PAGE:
Two of the projects are already five years behind schedule: an extension of Long Island Railroad to Grand Central Terminal, now expected to be done by April 2018, and the first leg of the Second Ave. subway, now scheduled for completion in 2017. The Fulton Transit Center, with its projected finish in 2014, looks good by comparison. It’s only two and a half years late.
Only the 7 Train Extension, the last of the MTA’s four megaprojects, does not suffer from significant lateness or cost over-runs. The four projects have budgets totaling $15.32 billion.
Kluger says MTA Capital Construction, a subsidiary charged with overseeing the agency’s capital spending, clashed with an “independent engineering firm”—it did not name the firm—over who was in charge of monitoring the projects. His report says the engineering firm was at times given too much to do with too little information. And the firm wrote bad reports that lacked clear summaries or were too technically detailed to be easily understood. Sometimes, when the firm did make a plain recommendation, MTA Capital Construction ignored it.
At Kluger’s insistence, the MTA has separated the squabbling entities. The agency’s Office of Construction Oversight will now manage the independent engineer. The Office's mandate is to bring about “less conflict and more effectiveness to the oversight process.”
Kluger said another problem was megaprojects bidding against each other for a limited number of highly specialized contractors, which drove up prices. He warned that this might soon happen again as each project goes shopping for contractors to install signal and communications systems.
The Inspector General said MTA Chairman Jay Walder has accepted the report’s findings and used them to tell the Office of Construction Oversight to get a firmer grip on spending and scheduling.
Follow Transportation Nation on Twitter for more stories.
New Yorkers are famous for crossing streets whenever they feel like it, taking a blasé attitude toward crosswalk signals. But the signs tend to capture the attention of pedestrians when the "walk" and "don't walk" icons are lit up at the same time, which is the case at intersections all over the city.
(New York - Jim O'Grady, WNYC) New Jersey Governor Chris Christie stood up at a press conference on Thursday morning at the state house in Trenton and uttered what could have been a $128 million phrase.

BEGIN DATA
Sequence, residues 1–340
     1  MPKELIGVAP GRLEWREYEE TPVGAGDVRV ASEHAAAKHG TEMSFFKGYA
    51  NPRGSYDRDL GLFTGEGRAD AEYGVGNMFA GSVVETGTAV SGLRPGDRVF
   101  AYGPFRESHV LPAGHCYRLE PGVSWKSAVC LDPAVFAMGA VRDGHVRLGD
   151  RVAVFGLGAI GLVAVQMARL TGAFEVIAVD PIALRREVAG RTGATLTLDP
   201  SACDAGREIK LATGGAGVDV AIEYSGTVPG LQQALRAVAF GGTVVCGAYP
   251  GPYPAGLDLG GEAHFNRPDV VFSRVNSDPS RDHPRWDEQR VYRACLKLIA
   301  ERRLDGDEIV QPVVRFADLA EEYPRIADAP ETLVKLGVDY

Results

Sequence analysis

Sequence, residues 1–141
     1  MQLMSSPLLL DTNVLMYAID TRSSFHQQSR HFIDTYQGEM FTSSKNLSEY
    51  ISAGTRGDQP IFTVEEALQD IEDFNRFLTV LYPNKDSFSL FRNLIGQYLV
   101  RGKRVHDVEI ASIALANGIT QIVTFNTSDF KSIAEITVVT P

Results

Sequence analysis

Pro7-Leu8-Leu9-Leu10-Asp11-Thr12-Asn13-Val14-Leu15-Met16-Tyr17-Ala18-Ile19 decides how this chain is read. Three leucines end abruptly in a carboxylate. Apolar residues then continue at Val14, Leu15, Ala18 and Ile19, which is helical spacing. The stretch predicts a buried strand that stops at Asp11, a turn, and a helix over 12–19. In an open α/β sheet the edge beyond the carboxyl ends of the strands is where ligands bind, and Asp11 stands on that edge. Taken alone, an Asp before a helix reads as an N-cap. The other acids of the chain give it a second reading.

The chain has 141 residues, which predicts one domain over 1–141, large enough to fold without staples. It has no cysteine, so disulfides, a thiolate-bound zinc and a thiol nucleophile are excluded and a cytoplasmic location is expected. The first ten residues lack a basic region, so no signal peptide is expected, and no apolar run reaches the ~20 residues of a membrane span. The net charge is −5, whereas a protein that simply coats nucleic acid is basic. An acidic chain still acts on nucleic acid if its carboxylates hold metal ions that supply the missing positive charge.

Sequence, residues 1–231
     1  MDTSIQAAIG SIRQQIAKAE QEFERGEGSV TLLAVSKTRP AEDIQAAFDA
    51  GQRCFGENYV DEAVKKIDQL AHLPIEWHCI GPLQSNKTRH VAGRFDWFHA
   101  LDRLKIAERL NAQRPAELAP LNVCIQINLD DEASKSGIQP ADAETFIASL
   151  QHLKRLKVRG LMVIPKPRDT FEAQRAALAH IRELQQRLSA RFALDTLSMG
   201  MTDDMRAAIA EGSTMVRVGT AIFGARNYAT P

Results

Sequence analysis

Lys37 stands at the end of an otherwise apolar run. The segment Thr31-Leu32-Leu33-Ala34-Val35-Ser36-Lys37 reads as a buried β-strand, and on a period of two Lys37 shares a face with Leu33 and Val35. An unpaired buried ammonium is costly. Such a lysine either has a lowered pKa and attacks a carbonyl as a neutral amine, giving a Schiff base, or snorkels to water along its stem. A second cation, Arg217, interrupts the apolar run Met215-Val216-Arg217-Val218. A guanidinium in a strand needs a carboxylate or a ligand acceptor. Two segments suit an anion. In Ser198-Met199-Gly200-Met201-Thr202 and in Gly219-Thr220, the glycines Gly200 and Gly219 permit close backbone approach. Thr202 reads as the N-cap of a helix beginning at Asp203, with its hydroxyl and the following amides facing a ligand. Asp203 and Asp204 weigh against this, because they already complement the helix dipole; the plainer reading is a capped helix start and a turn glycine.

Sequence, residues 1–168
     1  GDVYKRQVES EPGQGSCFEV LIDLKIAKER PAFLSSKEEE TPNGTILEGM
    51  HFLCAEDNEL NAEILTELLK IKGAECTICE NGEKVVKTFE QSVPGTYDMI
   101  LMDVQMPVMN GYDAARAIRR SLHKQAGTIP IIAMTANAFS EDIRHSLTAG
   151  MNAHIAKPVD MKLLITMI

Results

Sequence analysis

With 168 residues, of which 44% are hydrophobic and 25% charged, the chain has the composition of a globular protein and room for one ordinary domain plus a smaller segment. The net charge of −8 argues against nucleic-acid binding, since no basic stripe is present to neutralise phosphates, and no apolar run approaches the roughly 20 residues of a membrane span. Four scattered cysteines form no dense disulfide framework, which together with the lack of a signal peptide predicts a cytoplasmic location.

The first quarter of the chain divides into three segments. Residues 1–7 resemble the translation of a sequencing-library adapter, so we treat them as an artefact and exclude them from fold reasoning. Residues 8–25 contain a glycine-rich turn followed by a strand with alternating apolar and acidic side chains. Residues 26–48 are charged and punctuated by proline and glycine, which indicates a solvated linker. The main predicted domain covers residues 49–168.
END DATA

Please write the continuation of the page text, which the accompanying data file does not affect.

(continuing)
“The offer was a nice start,” he said.
He was referring to a letter from federal Transportation Secretary Ray LaHood that offered a rebate in the above amount against a $271 million charge the feds have presented the state for preliminary work on the cancelled ARC rail tunnel under the Hudson.
Christie killed the project in October because of projected cost overruns. LaHood, in the letter, proposed to give the state $128 million back for projects that improve air quality by cutting traffic congestion. But only if New Jersey pays the whole bill by December 24.
The governor’s positive reaction on Thursday was a reversal of sorts. The prior two days, he’d refused to acknowledge the potential deal because the letter that contained it, dated Tuesday, hadn’t been sent to him. Instead, it was addressed to New Jersey Senators Robert Menendez and Frank Lautenberg. By Wednesday evening, though the offer had been widely reported, Governor Christie’s spokesman Michael Drewniak insisted it still hadn’t reached the state house.
“Neither the Governor’s Office or New Jersey Transit has heard from Secretary LaHood,” said Drewniak in a statement. “If and when we are contacted by the secretary, we will review their proposal.”
The disconnect may have had something to do with testy public relations between the Republican Christie and the Democrat Lautenberg.
The prospect of a $128 million rebate for New Jersey may be all that’s needed to calm the collision of personalities and political agendas at the center of the ARC Tunnel debate.